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International relations create a better future for us all

South African consumers are among the most fortunate in the world, having a broad range of products from an equally broad range of countries from which to choose in supermarkets, technology stores or vehicle showrooms.

President Jacob Zuma recently participated in the General Assembly of the United Nations held in New York where he raised, among others, issues affecting Africa.From microwave ovens and ballpoint pens to car rentals and digital tablets, these choices reflect the extent of South Africa’s international relations.

None of these items or services would be available to South Africans, were it not for government-to-government contact which in turn opens the door for business-to-business transaction.

When government leaders or public servants travel abroad to participate in summits, conferences or to lead business or, for that matter, sports delegations, we do so to build relations with the people of the world from whom our country was isolated during the apartheid era.

This is the way international relations is conducted among all the countries of the world and it is the means through which relations among governments create opportunities for the private sector and individuals to exploit.

The world has become the post-apartheid South Africa’s oyster, to the extent that we relate positively and constructively to just about every nation on earth, including those where conflict and instability may be an unfortunate reality.

It is often in such situations of tension and strife that South Africa is invited by interest groups to offer its experience post-conflict reconstruction and development and help bridge divides or silence the guns of war.

Our ANC-led government takes its cue from our Freedom Charter which declared that “There Shall be Peace and Friendship”, with the further explanation that “South Africa shall be a fully independent state which respects the rights and sovereignty of all nations” and that we would as a nation “strive to maintain world peace and the settlement of all international disputes by negotiation – not war”.

Within South Africa itself, the Freedom Charter said that “peace and friendship amongst all our people shall be secured by upholding the rights, opportunities and status of all”.

 The world can, at times, be a daunting and dangerous place where peace and friendship is undermined or wiped out by instability, violence and terror. New threats are emerging all the time, in all corners of the globe, as new movements or individuals sow disunity or death – or even as new technologies present opportunities for new dangers such as cybercrime.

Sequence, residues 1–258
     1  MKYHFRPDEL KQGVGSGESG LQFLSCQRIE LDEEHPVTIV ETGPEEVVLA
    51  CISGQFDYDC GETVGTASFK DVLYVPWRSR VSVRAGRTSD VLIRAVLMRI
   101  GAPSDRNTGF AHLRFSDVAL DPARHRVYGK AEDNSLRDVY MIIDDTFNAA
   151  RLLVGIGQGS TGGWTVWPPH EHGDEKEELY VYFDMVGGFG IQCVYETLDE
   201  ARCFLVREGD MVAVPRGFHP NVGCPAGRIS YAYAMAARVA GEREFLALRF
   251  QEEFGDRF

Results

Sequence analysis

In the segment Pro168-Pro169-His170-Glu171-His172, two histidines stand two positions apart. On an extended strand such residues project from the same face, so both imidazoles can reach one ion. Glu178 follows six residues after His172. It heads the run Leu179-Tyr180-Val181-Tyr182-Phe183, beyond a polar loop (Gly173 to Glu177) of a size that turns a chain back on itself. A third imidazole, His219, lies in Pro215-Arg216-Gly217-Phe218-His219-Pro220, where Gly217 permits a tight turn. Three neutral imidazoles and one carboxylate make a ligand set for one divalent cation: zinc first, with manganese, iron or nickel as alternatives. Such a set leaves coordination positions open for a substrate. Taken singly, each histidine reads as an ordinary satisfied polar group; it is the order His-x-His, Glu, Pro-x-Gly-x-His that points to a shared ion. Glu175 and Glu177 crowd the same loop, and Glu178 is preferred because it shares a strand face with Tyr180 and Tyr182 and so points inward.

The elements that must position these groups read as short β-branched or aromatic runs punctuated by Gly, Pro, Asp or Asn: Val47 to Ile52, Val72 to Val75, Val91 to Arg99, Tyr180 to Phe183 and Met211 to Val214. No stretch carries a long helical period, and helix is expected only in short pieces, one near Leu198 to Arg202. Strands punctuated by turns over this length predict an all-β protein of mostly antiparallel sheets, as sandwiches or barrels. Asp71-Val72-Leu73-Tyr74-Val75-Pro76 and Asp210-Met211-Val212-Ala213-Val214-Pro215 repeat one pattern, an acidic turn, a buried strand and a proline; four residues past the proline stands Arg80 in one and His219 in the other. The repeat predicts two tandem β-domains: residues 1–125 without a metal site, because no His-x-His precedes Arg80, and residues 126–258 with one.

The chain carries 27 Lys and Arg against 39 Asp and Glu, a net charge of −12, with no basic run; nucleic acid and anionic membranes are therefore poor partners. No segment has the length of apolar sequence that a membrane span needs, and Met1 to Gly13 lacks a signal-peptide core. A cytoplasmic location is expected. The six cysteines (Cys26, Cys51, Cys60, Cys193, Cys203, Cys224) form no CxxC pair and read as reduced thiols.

It is in this world that South Africa has in the past 20 years emerged as a voice of reason and an example of how a seemingly unwinnable crime against humanity – such as apartheid – can be overcome.

At the same time, South Africa has taken a principled stand, supported by many countries of the world, demanding that the global governance system – beginning with the apex United Nations Security Council (The UNSC) – be democratised.

Seventy years after five countries that had been party to World War 2 assumed positions on the UNSC, all member states remain tied to the final word on global issues as determined by the so-called Permanent Five.

Since this type of management is unacceptable at the level of a school governing board, a football club or a national government, South Africa is determined to campaign alongside its partners in the international community to ensure that democracy filters upward (for a change) from the national level to the global stage.

South Africa's international relations gives consumers access to products such as cellphones.The benefits of South Africa’s programme of international relations and cooperation filter through our economy and society in many ways.

Opportunities for South Africans to export products and services to other countries or study abroad; visits to South Africa by high-profile entertainers, the availability in South Africa of complex technology in healthcare, and the array of destinations South African tourists can freely visit internationally are among the practical outcomes of our engagement with the rest of the world.

The country also continues to attract foreign direct investment (FDI) in spite of the global economic situation. This was worth R43 billion in the 2014/15 financial year and US$ 3.31 billion from January 2015 to July 2015.

The United Kingdom, United States of America, Germany, Australia and India were the key FDI sources for South Africa.

South Africa also invests in other economies. The top five destination countries for FDI outflows from South Africa include the United Kingdom, Nigeria, Ghana, Zambia and United States.

Since 1994, trade with sister countries on our continent has increased 35-fold to about R400 billion, thus promoting intra-Africa trade.

South Africa’s Good Story is therefore written not just in Pretoria or Polokwane, but in Addis Ababa, Lusaka, London, New York, Doha, Rome, Jakarta, Windhoek, Sao Paolo and many other places where we cultivate peace and friendship.

These are also places where, increasingly, the people of the world encounter, with great satisfaction, in their own supermarkets and vehicle showrooms, products declaring: “Made in South Africa.”

Let’s keep building peace and friendship.